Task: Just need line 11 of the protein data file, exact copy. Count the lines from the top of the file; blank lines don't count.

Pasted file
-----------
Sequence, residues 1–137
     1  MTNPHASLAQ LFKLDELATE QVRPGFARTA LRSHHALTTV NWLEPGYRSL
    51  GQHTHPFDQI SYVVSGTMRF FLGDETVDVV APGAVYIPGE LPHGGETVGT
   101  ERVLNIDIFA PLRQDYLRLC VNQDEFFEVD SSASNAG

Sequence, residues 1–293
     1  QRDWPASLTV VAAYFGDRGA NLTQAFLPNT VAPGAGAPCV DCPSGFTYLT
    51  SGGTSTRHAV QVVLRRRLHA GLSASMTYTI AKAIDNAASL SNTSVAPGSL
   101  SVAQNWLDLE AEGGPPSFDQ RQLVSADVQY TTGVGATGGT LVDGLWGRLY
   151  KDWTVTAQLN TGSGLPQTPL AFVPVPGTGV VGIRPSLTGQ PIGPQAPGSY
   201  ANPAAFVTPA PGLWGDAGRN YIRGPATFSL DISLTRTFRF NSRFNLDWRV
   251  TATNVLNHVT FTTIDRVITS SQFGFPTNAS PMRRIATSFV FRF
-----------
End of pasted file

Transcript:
   251  TATNVLNHVT FTTIDRVITS SQFGFPTNAS PMRRIATSFV FRF